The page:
Lakeline Kids Story Corner Story

By Vincent A. Caruso

It was his first year in high school. He was too young to be in high school. Born prior to WWII, and an only child, his mother had taught him the alphabet and how to add low numbers. He was too smart to be in kindergarten so he was ‘promoted’ to first grade much to his mother’s delight but which in actuality was a curse.

It became obvious from his first day in the advanced grade that he was ‘different’. He wrote with the wrong hand. He used his left hand which was a ‘no, no’. The teacher worked laboriously to have him use his right hand but to no avail. It was widely held that anyone perceived to be left-handed was the victim of genetic dysfunction or mental illness which had produced a birth defect known as left-handedness. This boy had no knowledge that he was ‘different’, not yet anyway, and continued to use his left hand.

He was raised in the industrial northeast during and after WWII. It was not the best of settings for a boy who proved to be sensitive and made to feel self-conscious about himself. It was not just being left handed that made him different. He was slight of build and small for his age. He had ears that stuck out which made him the target of every bully’s ridicule. Besides his ears he had a large discolored scar on the back of his neck which had been the result of birth and a radiation burn. Back in those days ones hair was cut way up on the neck which only added to the exposure of the scar. He would be asked incessantly ‘what happened to your neck?’ and he would do his best to explain. He could feel the bone that protruded in his neck but he had never seen the scar. He learned how to use a hand held mirror so he could see his neck’s reflection in a stationary mirror. When he saw the scar he himself shuttered. No wonder he was asked so many questions.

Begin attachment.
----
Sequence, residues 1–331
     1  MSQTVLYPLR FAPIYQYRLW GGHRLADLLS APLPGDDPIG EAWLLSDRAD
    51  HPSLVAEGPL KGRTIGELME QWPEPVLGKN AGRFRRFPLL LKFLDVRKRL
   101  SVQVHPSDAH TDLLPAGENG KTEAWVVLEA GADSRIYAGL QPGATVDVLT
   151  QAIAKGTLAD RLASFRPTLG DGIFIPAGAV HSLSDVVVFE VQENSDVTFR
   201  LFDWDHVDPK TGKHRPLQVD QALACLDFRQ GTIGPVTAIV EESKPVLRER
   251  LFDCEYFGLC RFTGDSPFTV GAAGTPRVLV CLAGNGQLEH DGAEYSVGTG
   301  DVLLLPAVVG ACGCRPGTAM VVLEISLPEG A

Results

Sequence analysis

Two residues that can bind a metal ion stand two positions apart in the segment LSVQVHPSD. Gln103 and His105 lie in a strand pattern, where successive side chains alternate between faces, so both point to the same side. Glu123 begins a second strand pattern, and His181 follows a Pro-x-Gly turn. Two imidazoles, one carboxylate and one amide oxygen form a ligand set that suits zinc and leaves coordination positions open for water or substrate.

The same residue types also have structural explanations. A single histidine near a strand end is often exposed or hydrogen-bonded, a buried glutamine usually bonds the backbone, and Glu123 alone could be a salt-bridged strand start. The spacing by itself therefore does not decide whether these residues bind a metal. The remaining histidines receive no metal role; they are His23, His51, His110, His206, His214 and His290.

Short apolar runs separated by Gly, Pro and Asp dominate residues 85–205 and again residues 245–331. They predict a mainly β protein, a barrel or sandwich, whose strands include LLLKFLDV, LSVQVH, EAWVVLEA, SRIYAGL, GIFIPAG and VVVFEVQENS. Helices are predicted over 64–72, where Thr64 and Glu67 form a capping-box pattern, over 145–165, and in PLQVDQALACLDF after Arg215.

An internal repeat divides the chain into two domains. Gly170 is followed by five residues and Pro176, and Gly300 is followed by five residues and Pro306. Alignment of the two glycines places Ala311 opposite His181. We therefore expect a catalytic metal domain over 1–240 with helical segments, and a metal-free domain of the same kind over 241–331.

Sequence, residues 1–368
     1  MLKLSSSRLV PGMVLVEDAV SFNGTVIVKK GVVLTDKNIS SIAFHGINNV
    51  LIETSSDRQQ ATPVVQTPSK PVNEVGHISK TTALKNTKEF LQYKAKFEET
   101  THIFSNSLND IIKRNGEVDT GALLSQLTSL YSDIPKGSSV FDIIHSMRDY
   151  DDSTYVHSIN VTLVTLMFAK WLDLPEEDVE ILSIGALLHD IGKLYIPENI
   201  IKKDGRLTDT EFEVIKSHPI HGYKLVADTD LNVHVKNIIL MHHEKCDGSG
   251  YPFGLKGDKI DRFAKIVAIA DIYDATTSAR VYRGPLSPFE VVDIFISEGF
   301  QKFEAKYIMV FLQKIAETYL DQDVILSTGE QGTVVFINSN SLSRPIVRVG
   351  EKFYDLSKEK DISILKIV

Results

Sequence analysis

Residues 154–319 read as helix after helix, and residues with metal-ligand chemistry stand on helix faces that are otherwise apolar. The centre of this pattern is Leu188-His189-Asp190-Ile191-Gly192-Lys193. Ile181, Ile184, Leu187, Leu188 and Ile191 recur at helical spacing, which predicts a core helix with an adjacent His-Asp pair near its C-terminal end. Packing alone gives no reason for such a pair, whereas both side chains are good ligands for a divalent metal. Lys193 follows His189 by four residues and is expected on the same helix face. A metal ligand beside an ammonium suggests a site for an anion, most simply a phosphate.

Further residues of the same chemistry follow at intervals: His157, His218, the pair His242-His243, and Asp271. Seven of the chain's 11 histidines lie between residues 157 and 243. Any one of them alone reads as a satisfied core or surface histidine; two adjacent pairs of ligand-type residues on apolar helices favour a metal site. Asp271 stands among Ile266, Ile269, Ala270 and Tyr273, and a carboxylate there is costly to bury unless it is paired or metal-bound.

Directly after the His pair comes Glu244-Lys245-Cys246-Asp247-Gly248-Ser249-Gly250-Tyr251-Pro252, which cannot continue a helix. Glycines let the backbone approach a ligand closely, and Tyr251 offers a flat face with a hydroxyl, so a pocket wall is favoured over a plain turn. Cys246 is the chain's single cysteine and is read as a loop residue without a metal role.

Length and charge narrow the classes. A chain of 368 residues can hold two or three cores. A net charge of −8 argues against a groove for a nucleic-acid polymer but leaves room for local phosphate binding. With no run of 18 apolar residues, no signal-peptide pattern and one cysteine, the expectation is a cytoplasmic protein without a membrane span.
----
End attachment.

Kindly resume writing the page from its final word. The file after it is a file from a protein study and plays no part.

His life was not fulfilling. He faced insurmountable odds. His neck was a topic for discussion and his ears were a subject of ridicule. ‘Hey, Dumbo flap your ears. Let’s see you fly’. All the boy could do was smile sheepishly and hope he could walk fast enough to escape the hurt which pressed upon his chest. He went to bed at night, crying, fearful of what he would encounter the next day.

And now he was in high school. You have to give him credit. He tried to fit in but as was stated he was too young; too emotionally immature; too physically underdeveloped. No one recognized the agony he was enduring, not his parents, not the teachers, not his classmates as if they would even be concerned if they knew. They were too busy sharpening their knives on him.

The high school sponsored a back to school dance his freshman year. He was scared but he wanted to go. He gathered up his courage and asked a girl he liked if she would go to the dance with him. What he received was not expected. She could have just said ‘no’ but she proceeded to ridicule him. ‘You have to be kidding. I wouldn’t go to a dance with you’ and went away laughing. He never got to ask another girl for a date. He loved to play baseball and made his high school freshman team. He wasn’t that good but good enough. He was a pitcher and he had ‘plans’ of playing for the New York Yankees. Sadly he would never play for any other team except his high school and when he did play he drew the hateful remarks from the opposition. He would crumble the minute he would be called ‘big ears’. If only he had voiced his opposition perhaps his teammates would have backed him up, but even that was questionable. Maybe if he had opened his mouth and told the ‘bully’s how it hurt to be called names they would have stopped; maybe he could have taken further risks and asked a different girl to the dance; maybe she would have said yes and his life might have changed; maybe if he had confided in his parents they could have nurtured him. But it was now too late. He was cursed and the door to let him out was locked from the outside. There was no handle on the inside. He was trapped.

At his funeral all present expressed shock as to why he would commit suicide. No one saw his pain. No one recognized that the ridicule he had endured left only one exit. His death stopped the insults and the pain. It did not stop cruelty. It did not stop ridicule. It did not stop ignorance.